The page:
I find it charming and kind."
Leon-Emile Caille: Her Pride and Joy
True to its name, the piece moves
slowly and softly, constantly muted
("con sordini") with hypnotic repetition
of beats creating a sense of a gentle
and comfortable ‘swing.’ Delicate
harmonics in the first violin introduce
the limping figure that becomes the
cello’s accompaniment to the step-
wise, chordal theme in the upper
voices. The colorful harmonies and
syncopated rhythms are somewhat
bluesy and suggestive of ragtime.
Changes in texture (higher registers
and different accompaniment) add
interest to the repetitions. A middle
section develops thematic ideas,
keeping the syncopated motion,
except for brief "recitative" solos in
the violin and cello. Even though the
return of the first section is strong
(con fuoco), it soon ends delicately
with harmonics in all voices and
airy pizzicatos.
"Sometime in 1919 or 1920 my brother George tried
his hand at a short piece for string quartet and called
it "Lullaby." (Possibly he originally intended it as a
piano solo, in an unfinished manuscript of his I still
have.) As a quartet it was played in the next several
months at a number of private musicales of his many
musician friends before - sometimes after - they'd get
down to the more serious business of classical
quartets and quintets. I attended three of these
intimate sessions and could see and hear that
'Lullaby' was invariably welcomed."
"In 1922 George and lyricist B. G. DeSylva had
practically finished the score for that year's Scandals
when producer George White suddenly decided he
wanted them to go ahead with Blue Monday, a one-
act opera the collaborators had once mentioned they'd
like to do. There were only five days left before the
Scandals rehearsals were to begin, so my brother had
an upright put into his bedroom, and there he and
Buddy holed themselves up until the score was finished.
I can't recall why George borrowed the opening theme
of his string quartet for the beginning of an aria in Blue
Monday. Maybe it was the urgency of the assignment,
or perhaps by then George had Come to regard 'Lullaby'
as merely an exercise. But borrow the opening bars he
did, and that, so far as the composer was concerned,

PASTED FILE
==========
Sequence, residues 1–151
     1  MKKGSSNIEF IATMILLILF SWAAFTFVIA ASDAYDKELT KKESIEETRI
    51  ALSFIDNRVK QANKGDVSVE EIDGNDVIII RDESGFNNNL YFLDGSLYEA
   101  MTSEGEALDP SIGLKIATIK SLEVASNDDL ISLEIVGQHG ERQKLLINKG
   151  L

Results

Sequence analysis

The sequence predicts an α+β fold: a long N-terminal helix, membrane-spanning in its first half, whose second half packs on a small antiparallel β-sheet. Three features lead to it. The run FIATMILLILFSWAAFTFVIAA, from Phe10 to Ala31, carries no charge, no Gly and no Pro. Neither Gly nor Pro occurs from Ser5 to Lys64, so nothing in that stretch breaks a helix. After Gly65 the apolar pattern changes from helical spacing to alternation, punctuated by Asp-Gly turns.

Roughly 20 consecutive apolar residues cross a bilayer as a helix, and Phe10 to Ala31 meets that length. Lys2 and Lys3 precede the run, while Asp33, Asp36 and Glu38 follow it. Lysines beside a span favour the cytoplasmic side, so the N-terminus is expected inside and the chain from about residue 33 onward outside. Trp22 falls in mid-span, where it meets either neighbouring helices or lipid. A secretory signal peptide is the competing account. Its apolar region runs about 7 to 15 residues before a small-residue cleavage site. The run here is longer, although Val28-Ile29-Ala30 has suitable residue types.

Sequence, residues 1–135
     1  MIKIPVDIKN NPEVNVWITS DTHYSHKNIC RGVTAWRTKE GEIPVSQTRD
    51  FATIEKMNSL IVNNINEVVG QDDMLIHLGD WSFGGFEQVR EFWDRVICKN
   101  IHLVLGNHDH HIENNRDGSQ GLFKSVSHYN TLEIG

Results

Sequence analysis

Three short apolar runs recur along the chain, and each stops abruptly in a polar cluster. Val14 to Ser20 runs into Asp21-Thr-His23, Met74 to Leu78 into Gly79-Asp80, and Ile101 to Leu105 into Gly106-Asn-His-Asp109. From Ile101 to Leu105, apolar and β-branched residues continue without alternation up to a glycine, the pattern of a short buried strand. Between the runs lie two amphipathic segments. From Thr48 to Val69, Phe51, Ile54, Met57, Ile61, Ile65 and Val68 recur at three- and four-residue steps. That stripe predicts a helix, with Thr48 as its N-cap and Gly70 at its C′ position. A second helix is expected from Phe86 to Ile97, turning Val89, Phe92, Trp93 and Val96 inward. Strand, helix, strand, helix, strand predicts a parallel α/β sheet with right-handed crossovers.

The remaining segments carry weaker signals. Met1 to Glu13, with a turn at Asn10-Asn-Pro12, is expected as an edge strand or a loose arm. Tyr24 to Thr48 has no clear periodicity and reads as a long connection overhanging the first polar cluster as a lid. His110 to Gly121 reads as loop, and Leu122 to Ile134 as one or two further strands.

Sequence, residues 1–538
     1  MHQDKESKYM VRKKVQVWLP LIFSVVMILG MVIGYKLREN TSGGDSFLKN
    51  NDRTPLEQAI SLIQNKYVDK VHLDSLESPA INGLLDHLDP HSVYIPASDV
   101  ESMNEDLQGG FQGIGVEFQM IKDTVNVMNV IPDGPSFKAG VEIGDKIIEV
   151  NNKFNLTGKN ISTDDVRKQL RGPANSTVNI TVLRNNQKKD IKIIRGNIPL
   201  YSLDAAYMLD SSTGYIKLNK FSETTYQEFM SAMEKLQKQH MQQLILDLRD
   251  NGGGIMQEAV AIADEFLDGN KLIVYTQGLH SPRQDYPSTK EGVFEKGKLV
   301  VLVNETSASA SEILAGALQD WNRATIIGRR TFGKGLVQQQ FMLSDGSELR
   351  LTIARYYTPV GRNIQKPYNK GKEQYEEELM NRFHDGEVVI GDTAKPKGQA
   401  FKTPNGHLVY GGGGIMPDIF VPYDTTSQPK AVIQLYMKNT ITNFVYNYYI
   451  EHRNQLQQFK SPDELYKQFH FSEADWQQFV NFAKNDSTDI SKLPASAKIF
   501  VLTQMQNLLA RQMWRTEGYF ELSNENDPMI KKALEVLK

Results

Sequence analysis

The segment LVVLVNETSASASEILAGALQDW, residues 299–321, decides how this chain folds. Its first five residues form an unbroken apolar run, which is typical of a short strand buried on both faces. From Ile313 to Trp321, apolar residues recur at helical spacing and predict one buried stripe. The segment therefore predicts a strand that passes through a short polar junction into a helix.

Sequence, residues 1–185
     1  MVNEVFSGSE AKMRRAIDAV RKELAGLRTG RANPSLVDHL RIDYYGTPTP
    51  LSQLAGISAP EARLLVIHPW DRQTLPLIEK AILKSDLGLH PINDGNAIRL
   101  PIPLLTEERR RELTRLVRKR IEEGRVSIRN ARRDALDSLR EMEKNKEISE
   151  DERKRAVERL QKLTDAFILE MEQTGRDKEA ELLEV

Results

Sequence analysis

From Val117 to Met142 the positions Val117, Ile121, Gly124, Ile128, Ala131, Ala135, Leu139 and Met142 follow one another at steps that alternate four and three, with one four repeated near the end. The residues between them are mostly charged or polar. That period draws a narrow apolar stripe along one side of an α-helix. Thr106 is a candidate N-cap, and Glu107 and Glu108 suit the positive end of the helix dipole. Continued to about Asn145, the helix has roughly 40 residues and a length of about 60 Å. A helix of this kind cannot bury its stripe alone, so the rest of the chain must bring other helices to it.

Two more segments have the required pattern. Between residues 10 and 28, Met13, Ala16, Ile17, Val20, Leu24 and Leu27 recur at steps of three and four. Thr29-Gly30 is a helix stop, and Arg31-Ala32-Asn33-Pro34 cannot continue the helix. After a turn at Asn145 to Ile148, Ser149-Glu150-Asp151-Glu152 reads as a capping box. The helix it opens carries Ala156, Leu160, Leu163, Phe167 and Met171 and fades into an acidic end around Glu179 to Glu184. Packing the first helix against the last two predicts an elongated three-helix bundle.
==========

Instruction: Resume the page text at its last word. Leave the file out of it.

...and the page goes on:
was the end of the string quartet, as I've no recollection
of his ever mentioning it again."
"Forty years later, in 1962, when Larry Adler, the
harmonica virtuoso, was commissioned to do a film
score, he told me one night he expected to use
harmonicas in some sections of the underscoring:
He'd play all four parts himself and then synchronize
the tapes. The word 'four' suddenly reminded me of 
'Lullaby' lying among a number of George's
manuscripts in my upstairs workroom. I showed it
to Larry who asked if he could borrow it. The notion
was that he'd make a transcription for harmonica and
string quartet which he would premiere at the Edinburgh
Festival with the Edinburgh Quartet. On August 29,
1963 their performance was warmly received. Recently,
in a new arrangement by Morton Gould for harmonica
and string orchestra, Gould and Adler included the piece
(called there 'Lullaby Time') in an RCA Victor album
titled Discovery."
"But it was not until October 29, 1967 that 'Lullaby' was
publicly performed as the quartet George had written
nearly half a century earlier. Following Adler and
Gould's interest I had mentioned the composition to
of Congress, and an authority on George's concert work.
Dr. Spivacke felt that the Juilliard String Quartet might
welcome the piece. And indeed after they had given it a
first reading they scheduled it for their October concert at
the Library of Congress, a concert widely broadcast."
"Now 'Lullaby' is published from my brother's manuscript.
It may not be the Gershwin of Rhapsody in Blue,
Concerto in F, and his other concert works,
but I find it charming and kind."
~Ira Gershwin, April 1968~
Jessie Wilcox Smith: Rocking Baby Doll to Sleep